A weekly French TV program, "Buddhist Voices," draws about 250,000 viewers, according to the Buddhist Union of France, an umbrella group representing the different Buddhist currents. Hundreds of Buddhist centers have also opened across the country over the last few decades.

And while the French government has placed a more activist Japanese strain of Soka Gakkai Buddhism in its list of questionable "sects," others are officially tolerated. Several monasteries, including the Karma Kagyu's in Auvergne, are accorded the same tax-free exemptions as the Roman Catholic Church.

"Why this Buddhist wave? And why particularly in France, a very Catholic country in the past?" wrote philosopher Luc Ferry, appointed this year as France's minister of Youth and Education, in an earlier article in Le Point magazine. " ... In this time of de-Christianization, Buddhism has furnished to the West a rich and interesting alternative."

But Hourmant, for one, suggests Buddhism's popularity in France and elsewhere marks a passing phase, rather than a more profound change in Europe's spiritual map. "French have a very positive image of Buddhism, as a religion that's more tolerant, more open to interreligious dialogue," Hourmant said. "There's a huge interest in Buddhism, especially among the young. But I think it's a very superficial adhesion that's not going to translate into intensive practice."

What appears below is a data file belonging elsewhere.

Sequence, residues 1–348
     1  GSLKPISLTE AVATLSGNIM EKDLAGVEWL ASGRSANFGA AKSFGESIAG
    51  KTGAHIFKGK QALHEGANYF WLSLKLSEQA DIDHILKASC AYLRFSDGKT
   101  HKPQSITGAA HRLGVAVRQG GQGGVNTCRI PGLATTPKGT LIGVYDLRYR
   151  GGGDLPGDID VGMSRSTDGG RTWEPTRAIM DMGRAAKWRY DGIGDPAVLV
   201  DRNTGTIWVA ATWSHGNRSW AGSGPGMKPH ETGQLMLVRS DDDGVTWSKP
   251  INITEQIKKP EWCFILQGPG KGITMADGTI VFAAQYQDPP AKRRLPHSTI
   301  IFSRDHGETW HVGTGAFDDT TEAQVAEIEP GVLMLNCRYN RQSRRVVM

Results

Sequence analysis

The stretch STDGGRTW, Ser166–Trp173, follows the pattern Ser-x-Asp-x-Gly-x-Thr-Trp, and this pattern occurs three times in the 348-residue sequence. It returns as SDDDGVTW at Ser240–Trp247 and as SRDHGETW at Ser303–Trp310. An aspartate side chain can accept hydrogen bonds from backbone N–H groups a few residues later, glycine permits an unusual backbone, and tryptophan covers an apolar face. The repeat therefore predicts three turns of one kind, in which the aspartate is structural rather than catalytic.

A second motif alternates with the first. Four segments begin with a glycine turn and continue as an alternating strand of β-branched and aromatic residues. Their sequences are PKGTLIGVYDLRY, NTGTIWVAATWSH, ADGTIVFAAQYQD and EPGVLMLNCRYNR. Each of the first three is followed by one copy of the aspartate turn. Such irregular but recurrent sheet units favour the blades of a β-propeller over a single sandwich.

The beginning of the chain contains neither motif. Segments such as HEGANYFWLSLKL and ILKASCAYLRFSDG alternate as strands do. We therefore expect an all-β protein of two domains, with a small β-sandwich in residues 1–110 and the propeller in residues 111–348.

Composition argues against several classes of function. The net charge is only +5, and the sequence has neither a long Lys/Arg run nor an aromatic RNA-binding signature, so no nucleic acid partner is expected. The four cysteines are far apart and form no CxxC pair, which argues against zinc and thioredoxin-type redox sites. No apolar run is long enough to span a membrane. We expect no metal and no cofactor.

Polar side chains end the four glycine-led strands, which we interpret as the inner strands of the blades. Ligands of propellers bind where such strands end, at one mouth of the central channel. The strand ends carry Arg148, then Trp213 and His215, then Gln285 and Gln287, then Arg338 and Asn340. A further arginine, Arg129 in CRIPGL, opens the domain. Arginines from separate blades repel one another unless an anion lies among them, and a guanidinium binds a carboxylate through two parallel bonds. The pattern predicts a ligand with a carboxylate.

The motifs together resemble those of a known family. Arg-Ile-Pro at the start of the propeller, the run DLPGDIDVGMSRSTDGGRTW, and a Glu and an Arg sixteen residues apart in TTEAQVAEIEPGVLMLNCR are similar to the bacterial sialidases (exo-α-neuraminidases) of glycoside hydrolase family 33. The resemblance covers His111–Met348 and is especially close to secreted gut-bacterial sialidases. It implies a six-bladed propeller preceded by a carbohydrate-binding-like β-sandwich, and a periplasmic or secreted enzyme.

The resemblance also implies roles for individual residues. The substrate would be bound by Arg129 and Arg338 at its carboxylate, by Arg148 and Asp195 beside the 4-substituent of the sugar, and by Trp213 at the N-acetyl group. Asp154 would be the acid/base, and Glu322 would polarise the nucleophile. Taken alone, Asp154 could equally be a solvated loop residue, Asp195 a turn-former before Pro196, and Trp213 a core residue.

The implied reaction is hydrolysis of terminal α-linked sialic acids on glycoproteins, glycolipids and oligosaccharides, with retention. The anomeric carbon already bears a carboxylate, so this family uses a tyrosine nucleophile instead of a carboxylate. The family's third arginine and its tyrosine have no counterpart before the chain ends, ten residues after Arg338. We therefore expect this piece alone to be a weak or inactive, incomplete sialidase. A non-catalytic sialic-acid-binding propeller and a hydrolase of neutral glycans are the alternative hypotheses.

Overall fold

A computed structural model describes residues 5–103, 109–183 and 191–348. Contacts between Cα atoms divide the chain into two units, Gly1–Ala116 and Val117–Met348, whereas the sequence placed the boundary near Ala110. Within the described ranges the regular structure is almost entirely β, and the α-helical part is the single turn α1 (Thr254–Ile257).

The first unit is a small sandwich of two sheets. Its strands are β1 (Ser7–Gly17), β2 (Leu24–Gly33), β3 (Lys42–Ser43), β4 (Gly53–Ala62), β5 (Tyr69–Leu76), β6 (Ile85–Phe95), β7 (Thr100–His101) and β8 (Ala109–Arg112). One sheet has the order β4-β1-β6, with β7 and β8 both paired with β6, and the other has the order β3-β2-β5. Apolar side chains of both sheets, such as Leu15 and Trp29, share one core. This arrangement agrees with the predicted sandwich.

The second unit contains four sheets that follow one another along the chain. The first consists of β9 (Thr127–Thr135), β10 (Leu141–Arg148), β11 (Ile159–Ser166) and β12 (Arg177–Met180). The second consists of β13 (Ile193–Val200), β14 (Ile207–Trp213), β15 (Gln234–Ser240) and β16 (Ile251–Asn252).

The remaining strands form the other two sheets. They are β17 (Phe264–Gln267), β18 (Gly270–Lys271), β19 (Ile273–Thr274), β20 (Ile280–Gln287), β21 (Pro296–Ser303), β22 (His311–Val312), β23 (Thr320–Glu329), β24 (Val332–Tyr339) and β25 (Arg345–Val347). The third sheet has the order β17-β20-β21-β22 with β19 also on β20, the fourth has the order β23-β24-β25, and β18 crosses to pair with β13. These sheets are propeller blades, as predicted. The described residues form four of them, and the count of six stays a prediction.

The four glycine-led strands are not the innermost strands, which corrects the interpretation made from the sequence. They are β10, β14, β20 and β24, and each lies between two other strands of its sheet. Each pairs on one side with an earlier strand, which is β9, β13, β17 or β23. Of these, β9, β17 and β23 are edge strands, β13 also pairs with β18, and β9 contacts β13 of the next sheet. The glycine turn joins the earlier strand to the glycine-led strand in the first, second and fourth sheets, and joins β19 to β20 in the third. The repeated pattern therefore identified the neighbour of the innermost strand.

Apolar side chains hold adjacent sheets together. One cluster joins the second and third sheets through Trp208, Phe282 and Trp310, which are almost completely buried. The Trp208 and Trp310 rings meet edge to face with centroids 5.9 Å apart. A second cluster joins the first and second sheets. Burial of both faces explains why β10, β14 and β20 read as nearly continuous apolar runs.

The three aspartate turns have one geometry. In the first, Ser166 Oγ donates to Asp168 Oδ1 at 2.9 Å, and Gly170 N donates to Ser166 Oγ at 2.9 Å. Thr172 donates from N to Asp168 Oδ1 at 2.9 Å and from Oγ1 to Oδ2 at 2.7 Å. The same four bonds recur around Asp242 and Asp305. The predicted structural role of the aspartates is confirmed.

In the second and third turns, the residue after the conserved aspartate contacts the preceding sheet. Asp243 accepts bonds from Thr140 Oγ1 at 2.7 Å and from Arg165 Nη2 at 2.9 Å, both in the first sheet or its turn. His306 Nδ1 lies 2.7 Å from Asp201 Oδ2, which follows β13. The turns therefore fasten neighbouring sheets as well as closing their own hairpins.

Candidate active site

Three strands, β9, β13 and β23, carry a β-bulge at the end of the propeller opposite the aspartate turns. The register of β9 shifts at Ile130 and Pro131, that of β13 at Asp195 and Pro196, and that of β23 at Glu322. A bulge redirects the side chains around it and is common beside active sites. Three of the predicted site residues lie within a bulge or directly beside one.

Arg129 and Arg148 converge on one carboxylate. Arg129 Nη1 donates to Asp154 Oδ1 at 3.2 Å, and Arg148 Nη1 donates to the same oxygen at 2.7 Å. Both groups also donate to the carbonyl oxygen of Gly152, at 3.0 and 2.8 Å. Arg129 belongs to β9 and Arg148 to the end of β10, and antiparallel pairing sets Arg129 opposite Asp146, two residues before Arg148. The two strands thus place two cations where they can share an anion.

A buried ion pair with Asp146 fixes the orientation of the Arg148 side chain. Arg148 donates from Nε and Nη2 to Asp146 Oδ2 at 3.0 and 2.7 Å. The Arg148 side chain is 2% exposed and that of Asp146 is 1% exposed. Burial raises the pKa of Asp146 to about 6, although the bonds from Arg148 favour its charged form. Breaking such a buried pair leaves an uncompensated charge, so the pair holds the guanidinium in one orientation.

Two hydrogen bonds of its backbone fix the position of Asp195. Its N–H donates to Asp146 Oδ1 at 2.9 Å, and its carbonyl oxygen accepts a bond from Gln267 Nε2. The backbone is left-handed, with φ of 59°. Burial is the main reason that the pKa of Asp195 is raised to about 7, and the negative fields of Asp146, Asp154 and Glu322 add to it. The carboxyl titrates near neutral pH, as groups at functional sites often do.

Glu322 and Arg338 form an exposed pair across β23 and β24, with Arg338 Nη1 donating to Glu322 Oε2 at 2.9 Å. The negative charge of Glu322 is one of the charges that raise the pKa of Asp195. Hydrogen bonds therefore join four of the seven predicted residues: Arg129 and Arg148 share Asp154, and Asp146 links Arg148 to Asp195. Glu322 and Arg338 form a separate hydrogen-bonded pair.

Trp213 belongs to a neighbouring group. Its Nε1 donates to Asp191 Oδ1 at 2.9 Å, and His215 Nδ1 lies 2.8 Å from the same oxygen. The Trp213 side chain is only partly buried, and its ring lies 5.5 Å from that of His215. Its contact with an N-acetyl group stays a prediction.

A case in point, Hourmant said: French answering religious surveys often identify Buddhism as the religion they feel closest to. "But the responses aren't at all about affiliation," he added, "but simply declarations of sympathy." The Dalai Lama, too, has expressed concern that Buddhism may be assumed too lightly. "I believe that the French, who are Christian by culture and ancestry, should remain Christian," he told a Swiss weekly, during a visit to Switzerland two years ago. Without "mature" reflection on whether Buddhism is the proper religious path, the Dalai Lama added, "it is better to stick to your own traditional values."

But the recent Dordogne gathering suggests few are following his advice. The sea of hot faces receiving the Karmapa's lessons were almost all Western. So are most of the monks at the center's Kundreul Ling monasteries in Auvergne. Olivier Coudroy, 18, who attended the three-day retreat with his parents and a high-school friend, said he became a Buddhist a year ago, after being introduced to the religion by his geography teacher. "My friends thought I had joined a sect," said Coudroy, who lives near the French city of Bordeaux. "But I talked to them. They aren't convinced, but at least now they don't judge."